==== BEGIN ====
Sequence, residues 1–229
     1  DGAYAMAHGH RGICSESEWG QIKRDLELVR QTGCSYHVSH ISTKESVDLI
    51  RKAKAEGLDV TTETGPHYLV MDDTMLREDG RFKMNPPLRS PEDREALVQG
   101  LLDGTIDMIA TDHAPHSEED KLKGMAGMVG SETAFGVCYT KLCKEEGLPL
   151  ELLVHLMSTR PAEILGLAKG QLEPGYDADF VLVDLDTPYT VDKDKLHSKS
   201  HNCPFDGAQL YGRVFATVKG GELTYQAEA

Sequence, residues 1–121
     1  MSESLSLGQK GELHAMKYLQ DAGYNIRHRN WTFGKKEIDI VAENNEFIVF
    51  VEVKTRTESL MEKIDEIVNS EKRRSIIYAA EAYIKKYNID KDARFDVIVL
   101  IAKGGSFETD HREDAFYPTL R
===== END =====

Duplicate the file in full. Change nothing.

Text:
Sequence, residues 1–229
     1  DGAYAMAHGH RGICSESEWG QIKRDLELVR QTGCSYHVSH ISTKESVDLI
    51  RKAKAEGLDV TTETGPHYLV MDDTMLREDG RFKMNPPLRS PEDREALVQG
   101  LLDGTIDMIA TDHAPHSEED KLKGMAGMVG SETAFGVCYT KLCKEEGLPL
   151  ELLVHLMSTR PAEILGLAKG QLEPGYDADF VLVDLDTPYT VDKDKLHSKS
   201  HNCPFDGAQL YGRVFATVKG GELTYQAEA

Sequence, residues 1–121
     1  MSESLSLGQK GELHAMKYLQ DAGYNIRHRN WTFGKKEIDI VAENNEFIVF
    51  VEVKTRTESL MEKIDEIVNS EKRRSIIYAA EAYIKKYNID KDARFDVIVL
   101  IAKGGSFETD HREDAFYPTL R